What are the cameras on the Norad Santa Tracker?
Tracking System 3 – Santa Cam Network Santa Cams are ultra-cool, high-tech, high-speed digital cameras that are pre-positioned at many locations around the world. NORAD only uses these cameras once a year – Christmas Eve.
What does Norad Santa Tracker actually track?
Every day of the year, NORAD defends North America using an all-domain and globally integrated approach to track everything that flies in and around Canada and the United States. On Dec. 24, NORAD adds a special mission: tracking Santa.
What time does Santa leave the North Pole?
If children are still awake when Santa arrives, he moves on to other houses. He returns later…but only when the children are asleep! The NORAD Santa Tracker detected Saint Nick leaving the North Pole around 4 a.m. ET on Christmas Eve.
Where is the last place Santa visits?
Santa usually starts at the International Date Line in the Pacific Ocean and travels west. Historically, Santa visits the South Pacific first, then New Zealand and Australia. After that Japan, Asia, across to Africa, then Western Europe, Canada, the United States, Mexico, Central and South America.
What does Canada do in NORAD?
Canada provides fighter aircraft on alert status to NORAD during normal operations, and also operates and maintains the Canadian portion of the North Warning System as well as three forward operating locations in Inuvik, Iqaluit and Yellowknife to support fighter operations in the North.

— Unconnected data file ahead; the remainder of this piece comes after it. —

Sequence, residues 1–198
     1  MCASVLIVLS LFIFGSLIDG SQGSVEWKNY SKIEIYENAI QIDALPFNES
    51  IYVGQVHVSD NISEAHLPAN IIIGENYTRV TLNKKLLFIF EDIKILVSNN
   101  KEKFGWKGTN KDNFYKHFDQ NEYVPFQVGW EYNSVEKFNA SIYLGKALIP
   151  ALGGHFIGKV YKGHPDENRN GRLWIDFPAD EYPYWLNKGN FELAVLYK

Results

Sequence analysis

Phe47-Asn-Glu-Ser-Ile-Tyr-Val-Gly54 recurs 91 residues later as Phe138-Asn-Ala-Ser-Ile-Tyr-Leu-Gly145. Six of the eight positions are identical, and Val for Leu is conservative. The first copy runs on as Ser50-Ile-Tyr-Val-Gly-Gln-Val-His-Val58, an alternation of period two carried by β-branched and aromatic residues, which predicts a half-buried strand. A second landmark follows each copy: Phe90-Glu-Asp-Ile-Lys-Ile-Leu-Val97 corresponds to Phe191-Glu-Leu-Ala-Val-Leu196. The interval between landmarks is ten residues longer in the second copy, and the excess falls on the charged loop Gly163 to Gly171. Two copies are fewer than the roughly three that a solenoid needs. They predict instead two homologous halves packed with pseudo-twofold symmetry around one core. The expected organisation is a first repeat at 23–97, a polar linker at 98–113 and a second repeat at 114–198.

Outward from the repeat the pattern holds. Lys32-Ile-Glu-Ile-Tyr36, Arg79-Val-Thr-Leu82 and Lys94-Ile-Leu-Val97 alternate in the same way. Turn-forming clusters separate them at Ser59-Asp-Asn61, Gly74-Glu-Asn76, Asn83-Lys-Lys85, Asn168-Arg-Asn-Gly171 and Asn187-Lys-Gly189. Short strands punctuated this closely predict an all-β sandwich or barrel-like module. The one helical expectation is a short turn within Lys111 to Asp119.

Where does Santa go last?
So, historically, Santa visits the South Pacific first, then New Zealand and Australia. After that, he shoots up to Japan, over to Asia, across to Africa, then onto Western Europe, Canada, the United States, Mexico and Central and South America.
Why does Norad Track Santa?
Why does NORAD track Santa? NORAD said the tradition of tracking Santa actually began by accident. In 1955, a young child accidentally dialed an unlisted phone number of the CONAD Operations Center when they saw an advertisement telling kids to call Santa.